Our favourite chinese wines

Ever thought about switching your fancy French bottle of wine for something a little closer to home? Probably not, but the Chinese wine industry has slowly been growing and developing over the last few decades to reach a peak of popularity and appreciation. Where there was once very little known about the industry, key farms have ensured that their produce is being enjoyed by experts and consumers alike (you now included). We asked some of our sommeliers what their newfound favourites are so that you can dive into the region.

Johann Kwon, Carbone

In 2017 I attended a wine tasting event for Chinese wines. Before this, I had not had much exposure to Chinese wines and did not have much access to information. But the event was so enlightening; the producers charmed me into a new perspective on the future of the Chinese wine industry.

At its centre, the Ningxia region acts as the Bordeaux and Burgundy or Piedmont and Tuscany to Chinese wine. I can highly recommend Kanaan Winery’s Pretty Pony 2013. The Kanaan Winery was founded by Chinese-German, Wang Fang, who studied at Giessen University in Germany. After many years in the country, she partnered with German winemakers and used her exclusive knowledge of the wine industry in China to establish Kanaan Winery. Their flagship wine, Pretty Pony, is a blend consisting of 90% Cabernet Sauvignon and 10% Merlot. The wine is bold and opulent, with an elegant layer of ripe black fruits and cassis with a delicate balance between acidity and structure. It is a wonderfully well-balanced wine that pairs well with diverse Asian cuisine and flavours thanks to its friendly smooth tannin texture and fruit-forward juicy flavours.

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Arnaud Bardary, BELON

Ningxia is a semi-arid area on the foothills of the Helan mountain range, planted mainly with Bordeaux varietals: Cabernet Sauvignon, Merlot… but also a distinctive one called Marselan. With a growing number of fantastic wineries, it can be difficult to choose just one but my fondest memories are of Kanaan Winery. At its head is “Crazy Fang”, who is extremely passionate about her vineyards and the region. There, seated at the table with other sommeliers and winemakers from the area, while indulging in a roasted lamb and exchanging a few “Ganbeis”; I had the chance to taste Black Beauty. The wine is a blend of Cabernet Sauvignon and Merlot. It is well-balanced and elegant, with notes of ripe bramble fruits on both nose and palate, complemented by spices, pepper and silky tannins… It is really quite amazing.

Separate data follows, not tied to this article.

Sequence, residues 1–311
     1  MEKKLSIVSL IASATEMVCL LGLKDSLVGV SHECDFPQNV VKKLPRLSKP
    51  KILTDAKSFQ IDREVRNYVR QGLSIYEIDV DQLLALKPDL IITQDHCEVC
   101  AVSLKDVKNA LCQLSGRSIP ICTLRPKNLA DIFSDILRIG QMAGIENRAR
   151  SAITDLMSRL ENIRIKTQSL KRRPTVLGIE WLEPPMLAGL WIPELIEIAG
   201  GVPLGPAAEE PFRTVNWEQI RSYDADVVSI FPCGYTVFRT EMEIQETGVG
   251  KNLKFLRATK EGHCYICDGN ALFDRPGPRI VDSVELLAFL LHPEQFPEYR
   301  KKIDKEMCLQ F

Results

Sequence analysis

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Michael Tully, Buenos Aires Polo Club

My favourite so far would probably be Chateau Rongzi’s Le Cordon Bleu 2013. It is from the inland Shangxi Region and is a blend of Cabernet Sauvignon, Marselan and Merlot. It is a fresh, medium to full bodied red with a lot of floral aromas, and a mix of both fresh and dried black fruits such as plum, prune and blackberry. Finishing with smooth tannins and a touch of black pepper. It is a wine that surprised me with its subtlety, but with Jean-Claude Berrouet (former winemaker at Chateau Petrus) as a consultant, it makes sense how they can produce a fresh and gentle wine from such a harsh winegrowing region.

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Kevin Lu, Buenos Aires Polo Club

The industry is divided into seven main regions and one of the most interesting of those is Huailai. There is a winery called Domaine Franco Chinois with a superb Petit Manseng Late Harvest. The winery is a joint venture between China and France and has been in operation for over two decades. The wine here demonstrates a great balance of sweetness and acidity along with a superb quality of fruit to build up the layers of flavours.

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